The latest insights from 50 techies who love what they do.
This past year was exciting for Lighthouse Software. With the help of our partners and our clients, we built some fantastic new applications that will help not only our clients but the public as well. Our team’s dedication to delivery and quality has caused our project list to grow, and as a result, we added 15 new amazing staff from the Twin Cities!
Organizational Growth is exciting because it’s an indicator of more: more revenue, more work, more success today and more potential for the future. However, growth can also pose significant challenges, and if your organization isn’t prepared, the impact can be severe. The foremost challenge for Lighthouse this year has been a physical one; our home office in Woodbury grew tight enough to prompt a move to a new location. While an office move presents a substantial operational challenge, I’m also considering the cultural impacts of growth as well.
I’ve been with Lighthouse long enough to see us grow from five developers huddled around an IKEA conference table to an organization employing dozens and dozens of people in offices throughout the US and India. We’ve always been experts in custom software development, but who we are and how we do it has changed during that time. Of course, our culture has changed as well, maturing from late night, Mountain Dew-fueled hackathons into scheduled product deliveries celebrated over single-malt whiskey.
For many of us, work is like a second home. For entrepreneurs, this is especially apt since you likely spend as much time at work as your actual home. But if a business is a home, then its culture is its backyard: something’s going to spring up, whether you attend to it or not.
Which of these most closely resembles your workplace?
Whether you’re a seasoned enterprise executive or a visionary with a brand-new startup, it’s easy to understand that building a strong culture is closely tied to your company’s success. For a business to operate well, the culture of a company should embody its core values. At its best, company culture can create a sense of ownership among your staff and acts as an attractor and retainer of top talent. At worst, it lands you in the news.
To follow the previous analogy, your company might be a mansion estate worth $50 billion, but if its cultural backyard is choked with poisonous weeds, a half-empty swimming pool and a dilapidated Dodge Dart full of sexist bees, well… the property value isn’t what it could be, to say the least.
Hopefully, you’re not in that position, and instead, you’re looking to implement intentional practices that guarantee cultural strength through carefully cultivated growth. If you’re reading this, you may be like me, doing what I’m doing: in-person and anonymous interviews with your staff, reading articles online, meeting with peers for coffee and discussion, or even buying hardbound books with catchy titles. Like me, you’re circling overhead, searching for any juicy tidbits left by those who have come before you.
In short, you might be a Culture Vulture. If so, I’m here to help.
I’m a developer by trade, and a millennial, so I was present for the software development changeover from yesterday’s bookshelf full of O’Reilly volumes to the all-knowing oracle of StackOverflow today. Google has become the first stop for any research effort. Unfortunately, when it comes to questions about changing your company’s culture, a lot of the answers Google provides are well-worn buzzwords like Transparency and Empowerment. While both of these are of huge importance, often the advice under these headings is too general to assist in brainstorming, much less practical application.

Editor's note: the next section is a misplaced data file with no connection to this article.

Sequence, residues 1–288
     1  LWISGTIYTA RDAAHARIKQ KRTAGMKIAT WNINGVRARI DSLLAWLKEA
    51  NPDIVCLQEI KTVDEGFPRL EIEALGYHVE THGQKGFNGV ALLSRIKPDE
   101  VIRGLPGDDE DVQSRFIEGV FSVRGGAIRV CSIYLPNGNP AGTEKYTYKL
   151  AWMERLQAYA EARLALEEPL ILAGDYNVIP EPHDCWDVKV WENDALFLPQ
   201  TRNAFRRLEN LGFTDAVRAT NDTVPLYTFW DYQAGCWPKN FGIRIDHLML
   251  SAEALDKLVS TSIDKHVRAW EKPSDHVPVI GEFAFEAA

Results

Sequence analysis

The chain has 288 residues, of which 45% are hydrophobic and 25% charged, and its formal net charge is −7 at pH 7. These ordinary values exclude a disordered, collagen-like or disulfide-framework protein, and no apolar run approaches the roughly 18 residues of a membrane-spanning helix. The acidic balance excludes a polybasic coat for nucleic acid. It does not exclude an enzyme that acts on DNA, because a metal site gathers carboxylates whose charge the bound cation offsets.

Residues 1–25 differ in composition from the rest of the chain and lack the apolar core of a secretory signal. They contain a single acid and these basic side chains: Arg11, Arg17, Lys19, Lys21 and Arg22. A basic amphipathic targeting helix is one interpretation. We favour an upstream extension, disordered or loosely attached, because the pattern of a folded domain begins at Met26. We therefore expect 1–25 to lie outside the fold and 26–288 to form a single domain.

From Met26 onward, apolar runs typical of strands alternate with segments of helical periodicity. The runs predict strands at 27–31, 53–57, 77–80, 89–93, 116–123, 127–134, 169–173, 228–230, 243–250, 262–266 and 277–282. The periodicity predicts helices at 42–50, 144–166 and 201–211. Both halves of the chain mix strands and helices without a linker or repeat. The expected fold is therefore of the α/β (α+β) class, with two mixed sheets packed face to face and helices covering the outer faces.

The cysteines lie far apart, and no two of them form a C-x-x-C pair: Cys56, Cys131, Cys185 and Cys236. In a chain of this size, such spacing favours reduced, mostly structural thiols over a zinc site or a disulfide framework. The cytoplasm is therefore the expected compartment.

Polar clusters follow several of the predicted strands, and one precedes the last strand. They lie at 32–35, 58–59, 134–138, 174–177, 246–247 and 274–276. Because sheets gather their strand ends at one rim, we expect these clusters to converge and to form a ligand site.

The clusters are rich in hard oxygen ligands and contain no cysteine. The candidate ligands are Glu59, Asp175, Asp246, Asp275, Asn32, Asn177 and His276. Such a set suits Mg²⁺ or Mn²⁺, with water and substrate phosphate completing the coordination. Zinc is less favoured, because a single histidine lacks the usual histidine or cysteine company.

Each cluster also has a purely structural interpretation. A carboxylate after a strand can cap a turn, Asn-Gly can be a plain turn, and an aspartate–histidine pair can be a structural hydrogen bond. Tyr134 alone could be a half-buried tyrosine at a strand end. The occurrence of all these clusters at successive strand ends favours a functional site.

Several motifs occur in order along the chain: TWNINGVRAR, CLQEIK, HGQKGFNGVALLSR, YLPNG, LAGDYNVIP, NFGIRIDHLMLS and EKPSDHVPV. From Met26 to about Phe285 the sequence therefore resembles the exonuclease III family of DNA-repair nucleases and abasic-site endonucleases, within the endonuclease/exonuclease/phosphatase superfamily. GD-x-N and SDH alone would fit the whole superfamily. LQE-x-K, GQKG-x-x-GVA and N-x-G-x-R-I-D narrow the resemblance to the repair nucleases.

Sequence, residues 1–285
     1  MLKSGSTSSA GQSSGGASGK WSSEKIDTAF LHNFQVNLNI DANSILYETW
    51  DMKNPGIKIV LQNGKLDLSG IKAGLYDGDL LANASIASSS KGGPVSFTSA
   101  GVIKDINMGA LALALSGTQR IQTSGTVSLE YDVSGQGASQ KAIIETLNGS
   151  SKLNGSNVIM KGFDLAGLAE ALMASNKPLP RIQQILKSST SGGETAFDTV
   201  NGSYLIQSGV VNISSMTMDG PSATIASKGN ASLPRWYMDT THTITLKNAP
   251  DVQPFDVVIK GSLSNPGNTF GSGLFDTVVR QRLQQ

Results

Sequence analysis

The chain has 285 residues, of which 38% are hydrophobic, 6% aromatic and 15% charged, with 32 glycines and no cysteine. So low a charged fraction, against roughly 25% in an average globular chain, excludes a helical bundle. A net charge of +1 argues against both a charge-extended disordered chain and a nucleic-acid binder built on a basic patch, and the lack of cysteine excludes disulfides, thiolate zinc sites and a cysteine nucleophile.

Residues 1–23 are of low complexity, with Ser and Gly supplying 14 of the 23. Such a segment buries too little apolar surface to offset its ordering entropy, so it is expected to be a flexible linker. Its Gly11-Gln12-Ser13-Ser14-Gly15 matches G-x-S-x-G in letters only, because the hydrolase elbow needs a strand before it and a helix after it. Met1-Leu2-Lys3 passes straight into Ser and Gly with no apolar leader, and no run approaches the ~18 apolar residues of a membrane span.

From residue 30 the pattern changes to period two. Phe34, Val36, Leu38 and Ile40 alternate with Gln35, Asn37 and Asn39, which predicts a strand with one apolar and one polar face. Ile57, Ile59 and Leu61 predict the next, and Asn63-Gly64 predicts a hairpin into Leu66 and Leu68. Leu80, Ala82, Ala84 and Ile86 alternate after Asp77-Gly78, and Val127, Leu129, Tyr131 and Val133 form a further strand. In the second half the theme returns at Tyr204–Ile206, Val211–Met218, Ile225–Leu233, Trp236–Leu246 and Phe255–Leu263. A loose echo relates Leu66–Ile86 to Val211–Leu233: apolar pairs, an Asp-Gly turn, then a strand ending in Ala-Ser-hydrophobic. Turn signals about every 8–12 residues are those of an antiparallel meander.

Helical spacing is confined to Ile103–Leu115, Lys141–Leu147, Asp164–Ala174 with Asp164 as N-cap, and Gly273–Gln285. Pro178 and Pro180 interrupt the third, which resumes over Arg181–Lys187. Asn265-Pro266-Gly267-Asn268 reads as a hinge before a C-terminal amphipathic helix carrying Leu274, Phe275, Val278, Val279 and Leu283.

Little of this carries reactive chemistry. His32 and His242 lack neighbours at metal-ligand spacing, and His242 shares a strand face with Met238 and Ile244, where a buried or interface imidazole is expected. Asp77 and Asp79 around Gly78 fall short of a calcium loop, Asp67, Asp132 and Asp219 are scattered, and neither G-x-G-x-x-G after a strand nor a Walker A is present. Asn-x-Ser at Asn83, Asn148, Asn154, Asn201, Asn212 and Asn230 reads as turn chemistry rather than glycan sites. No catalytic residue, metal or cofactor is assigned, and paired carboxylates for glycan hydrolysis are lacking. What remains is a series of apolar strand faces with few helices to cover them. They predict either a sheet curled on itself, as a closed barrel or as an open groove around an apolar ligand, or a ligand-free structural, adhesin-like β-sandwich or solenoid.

To that end, I’d like to share the most interesting results of my internet research this month on the culture question:
This one comes from Ben Peterson, CEO of BambooHR. Ben suggests taking a few minutes at the start of each day to choose one of your company’s Core Values, and then intentionally embody that value throughout the day. He goes so far as to suggest writing an email to your staff explaining your intent and prompting them to do the same.
Co-founder and CEO of STRV, David Semerad will organize monthly Q&A sessions to encourage his employees to “ask him anything”. He suggests the feedback he receives is invaluable to his organization, adding that the process promotes Transparency (Buzzword Bonus!)
This was a timely tidbit for us personally, from Jeremy Bloom, CEO of entrepreneur.com. He questions the current trend of open-office floor plans, which are particularly popular for software development office spaces. All people are different and may work best differently, in different spaces.
John Allspaw, former Etsy CTO, was an outspoken advocate for creating a developer culture that balances accountability and moving forward in a positive way. John suggests that when mistakes happen, the best path forward is not to blame and shame, but rather dig into the reasons behind the failure to achieve lasting improvement.
I’m a big fan of Trello, so when I came across the idea of “Mr. Rogers” on their blog, they had my attention. Trello’s “Mr. Rogers” activity randomly pairs two employees each week for a 15-minute video call to help them get to know one another. They describe it as a simple way for remote employees to “make one another human” rather than just faceless entities in the workstream.
These were five of the most unique answers to the culture question I found that was also practical(rather than conceptual). Perhaps they’ll get your mental processes spinning as well!
How does your company culture look? What are you seeing in action that has made a positive change for you and your coworkers? Have you heard of anything interesting being done to foster culture? We’d love to hear from you!